Neurologists who reviewed the report for Neurology Today concurred. Cynthia Harden, MD, said the JAMA study adds new weight to an association that has been widely suspected. “There has been a link between valproate use and autism put forth in the scientific and lay communities, but it seemed to have been widely accepted without much clear proof,” she said. “This study is important because it provides more solid evidence in patients that in utero valproate exposure increases the risk of autism spectrum disorders, Asperger's, and pervasive developmental disorders. So the previous literature is weak, and the association is greatly strengthened by this new finding.”
Dr. Harden, chief of the Division of Epilepsy and Electroencephalography at Hofstra North Shore-Long Island Jewish School of Medicine, noted that AAN guidelines for the management of women with epilepsy during pregnancy recommend caution in the use of the drug for women of childbearing age. “There are probably still too many prescriptions of this drug in women of childbearing age, and not enough emphasis on making sure these women are using and have access to adequate birth control if they must remain on valproate,” she said.
She said the findings require clinicians to balance risk and benefit in the selection of an appropriate antiepileptic for the individual patient. “Sometimes, valproate is the only medication that controls seizures,” she said. “Primary generalized seizure types are sometimes exquisitely sensitive to valproate, and less susceptible to other antiseizure medications. It becomes a clinical trial and error process to find the medication that works for some patients with ongoing seizures.”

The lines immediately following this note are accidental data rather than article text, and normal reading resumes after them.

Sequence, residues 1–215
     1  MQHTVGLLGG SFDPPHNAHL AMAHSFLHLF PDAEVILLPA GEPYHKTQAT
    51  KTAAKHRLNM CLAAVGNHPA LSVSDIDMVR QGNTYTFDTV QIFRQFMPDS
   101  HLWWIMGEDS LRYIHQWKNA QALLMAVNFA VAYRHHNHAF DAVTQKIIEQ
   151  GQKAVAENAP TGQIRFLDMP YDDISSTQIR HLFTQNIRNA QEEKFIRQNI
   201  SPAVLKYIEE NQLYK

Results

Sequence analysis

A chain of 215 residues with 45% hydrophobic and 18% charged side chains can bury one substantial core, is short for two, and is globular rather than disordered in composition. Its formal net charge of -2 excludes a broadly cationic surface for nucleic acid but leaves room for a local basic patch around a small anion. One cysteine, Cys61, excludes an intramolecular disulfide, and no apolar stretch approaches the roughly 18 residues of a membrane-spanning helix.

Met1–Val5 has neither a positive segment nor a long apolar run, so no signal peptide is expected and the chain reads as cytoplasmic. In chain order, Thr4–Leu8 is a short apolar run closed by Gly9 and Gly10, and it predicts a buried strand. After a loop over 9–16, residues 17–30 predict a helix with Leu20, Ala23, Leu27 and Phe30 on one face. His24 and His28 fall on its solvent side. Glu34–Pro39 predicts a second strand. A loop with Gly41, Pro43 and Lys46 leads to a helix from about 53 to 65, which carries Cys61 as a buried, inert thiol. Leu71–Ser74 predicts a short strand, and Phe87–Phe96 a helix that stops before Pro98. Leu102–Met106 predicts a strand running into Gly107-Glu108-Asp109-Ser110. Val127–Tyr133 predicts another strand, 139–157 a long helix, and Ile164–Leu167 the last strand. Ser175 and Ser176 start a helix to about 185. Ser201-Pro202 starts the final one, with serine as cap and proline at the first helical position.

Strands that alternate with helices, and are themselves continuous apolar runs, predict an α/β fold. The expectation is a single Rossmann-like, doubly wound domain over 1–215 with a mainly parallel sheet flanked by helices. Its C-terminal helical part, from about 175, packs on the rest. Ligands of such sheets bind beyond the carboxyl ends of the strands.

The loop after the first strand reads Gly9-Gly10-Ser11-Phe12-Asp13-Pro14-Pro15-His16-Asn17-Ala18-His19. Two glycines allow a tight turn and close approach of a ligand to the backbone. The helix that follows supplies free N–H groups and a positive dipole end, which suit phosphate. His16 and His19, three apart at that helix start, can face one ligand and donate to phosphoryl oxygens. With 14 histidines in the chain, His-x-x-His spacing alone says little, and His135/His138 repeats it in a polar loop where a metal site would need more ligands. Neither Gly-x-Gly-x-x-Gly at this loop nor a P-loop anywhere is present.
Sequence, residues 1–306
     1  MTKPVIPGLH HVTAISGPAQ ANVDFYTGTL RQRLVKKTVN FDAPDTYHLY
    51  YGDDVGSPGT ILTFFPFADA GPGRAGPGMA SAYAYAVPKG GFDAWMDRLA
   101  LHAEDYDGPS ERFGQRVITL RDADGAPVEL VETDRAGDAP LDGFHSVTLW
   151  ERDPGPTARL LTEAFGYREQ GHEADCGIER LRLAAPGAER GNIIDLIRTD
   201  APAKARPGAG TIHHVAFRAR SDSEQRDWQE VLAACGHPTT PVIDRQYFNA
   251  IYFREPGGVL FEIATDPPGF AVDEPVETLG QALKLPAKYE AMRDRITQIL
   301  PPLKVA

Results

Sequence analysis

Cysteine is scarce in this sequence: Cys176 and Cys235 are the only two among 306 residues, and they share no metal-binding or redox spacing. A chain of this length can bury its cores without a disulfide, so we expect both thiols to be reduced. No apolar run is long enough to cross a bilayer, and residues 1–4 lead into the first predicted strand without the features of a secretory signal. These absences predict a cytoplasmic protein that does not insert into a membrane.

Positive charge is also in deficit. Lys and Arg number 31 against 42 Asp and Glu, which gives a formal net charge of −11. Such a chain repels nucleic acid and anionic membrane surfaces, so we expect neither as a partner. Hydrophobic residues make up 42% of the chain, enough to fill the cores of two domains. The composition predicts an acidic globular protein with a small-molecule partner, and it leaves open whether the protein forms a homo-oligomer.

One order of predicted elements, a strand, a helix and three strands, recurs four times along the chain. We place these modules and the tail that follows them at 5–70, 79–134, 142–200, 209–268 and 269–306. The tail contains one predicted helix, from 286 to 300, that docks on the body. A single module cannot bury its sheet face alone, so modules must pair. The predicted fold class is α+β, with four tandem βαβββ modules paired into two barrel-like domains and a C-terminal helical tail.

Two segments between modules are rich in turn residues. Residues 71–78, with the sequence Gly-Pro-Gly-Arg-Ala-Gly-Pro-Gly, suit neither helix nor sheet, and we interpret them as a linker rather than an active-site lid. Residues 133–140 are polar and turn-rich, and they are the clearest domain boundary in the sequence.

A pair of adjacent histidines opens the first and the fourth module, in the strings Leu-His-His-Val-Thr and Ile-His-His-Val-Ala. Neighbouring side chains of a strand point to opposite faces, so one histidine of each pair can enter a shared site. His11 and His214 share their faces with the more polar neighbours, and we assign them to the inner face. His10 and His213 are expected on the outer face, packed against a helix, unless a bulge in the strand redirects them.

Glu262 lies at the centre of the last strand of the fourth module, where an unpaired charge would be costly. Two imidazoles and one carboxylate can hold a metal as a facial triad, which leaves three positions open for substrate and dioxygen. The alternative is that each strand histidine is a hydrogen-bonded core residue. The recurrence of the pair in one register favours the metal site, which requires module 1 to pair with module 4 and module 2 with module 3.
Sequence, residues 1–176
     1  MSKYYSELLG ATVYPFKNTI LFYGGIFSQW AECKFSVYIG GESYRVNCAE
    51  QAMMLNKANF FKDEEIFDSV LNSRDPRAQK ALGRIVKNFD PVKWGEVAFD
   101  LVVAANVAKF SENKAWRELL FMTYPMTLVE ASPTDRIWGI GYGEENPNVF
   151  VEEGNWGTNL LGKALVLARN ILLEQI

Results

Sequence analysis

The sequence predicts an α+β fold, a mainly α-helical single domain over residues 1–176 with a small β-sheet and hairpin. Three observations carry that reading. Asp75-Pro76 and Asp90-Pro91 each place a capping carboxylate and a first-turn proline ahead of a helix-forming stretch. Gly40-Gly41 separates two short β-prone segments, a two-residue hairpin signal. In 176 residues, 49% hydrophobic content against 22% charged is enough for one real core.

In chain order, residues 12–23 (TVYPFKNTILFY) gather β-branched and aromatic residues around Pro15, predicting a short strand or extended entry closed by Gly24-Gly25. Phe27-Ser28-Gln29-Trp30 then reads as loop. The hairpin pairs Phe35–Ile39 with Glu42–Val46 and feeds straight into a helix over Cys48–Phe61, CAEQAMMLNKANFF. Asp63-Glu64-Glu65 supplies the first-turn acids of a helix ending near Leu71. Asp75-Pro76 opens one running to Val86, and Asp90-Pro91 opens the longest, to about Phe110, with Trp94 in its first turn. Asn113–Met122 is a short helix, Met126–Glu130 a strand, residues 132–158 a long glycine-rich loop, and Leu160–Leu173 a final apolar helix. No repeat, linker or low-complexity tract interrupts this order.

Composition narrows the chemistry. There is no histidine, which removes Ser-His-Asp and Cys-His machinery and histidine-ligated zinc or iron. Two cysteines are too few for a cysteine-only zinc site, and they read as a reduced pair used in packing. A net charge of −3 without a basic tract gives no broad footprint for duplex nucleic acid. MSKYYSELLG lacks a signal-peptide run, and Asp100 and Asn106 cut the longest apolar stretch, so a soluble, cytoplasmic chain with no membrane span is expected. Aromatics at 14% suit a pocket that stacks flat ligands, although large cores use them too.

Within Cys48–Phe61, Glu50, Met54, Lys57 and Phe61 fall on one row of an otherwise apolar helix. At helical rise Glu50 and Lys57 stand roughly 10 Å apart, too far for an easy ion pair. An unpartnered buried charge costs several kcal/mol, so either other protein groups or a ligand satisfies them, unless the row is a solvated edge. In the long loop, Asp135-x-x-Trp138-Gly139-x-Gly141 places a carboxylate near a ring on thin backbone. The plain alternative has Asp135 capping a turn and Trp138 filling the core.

She noted that there are several antiseizure medications that can be used successfully when a woman is taking valproate and needs to be tapered off prior to pregnancy. “There are many unplanned pregnancies in women with epilepsy, just as in the population at large, so not using valproate in a woman of child-bearing potential is a good strategy, when possible,” she told Neurology Today. “If the patient must remain on valproate for her own safety, using adequate birth control should be ensured. Folic acid should be taken by all women planning pregnancies to reduce the risks of both structural and cognitive teratogenesis.”
Mark Yerby, MD, MPH, associate clinical professor of neurology and public health at Oregon Health and Sciences University and chair of the Scientific Advisory Committee for the North American Epilepsy and Pregnancy Registry, agreed that the choice of using valproate or another medication is not clear-cut, but will depend on multiple factors related to the patient's clinical status. “Valproate, because of its potency, is generally used in persons with more severe epilepsies,” he said. “So it is customary for physicians to start with alternative medications first and use valproate if the `first line' drugs fail.”
Dr. Yerby said lamotrigine, levetiracetam and lacosamide are reasonable alternatives for epilepsy, though there is little or no safety information on lacosamide in pregnancy.
He emphasized that the association between maternal valproate use and autism is correlative, not causative, and pointed out that though the Neurodevelopmental Effects of Antiepileptic Drugs (NEAD) study demonstrated lower IQ scores in children exposed to valproate, most children in that study were still within the normal range of IQ measurements.
“The disease state and effects of maternal seizures may also be an important factor in these outcomes,” he said. “One must carefully balance the risks and benefits of valproate's use and not refrain from its use for those patients for whom it may be the best medication for their seizure control.”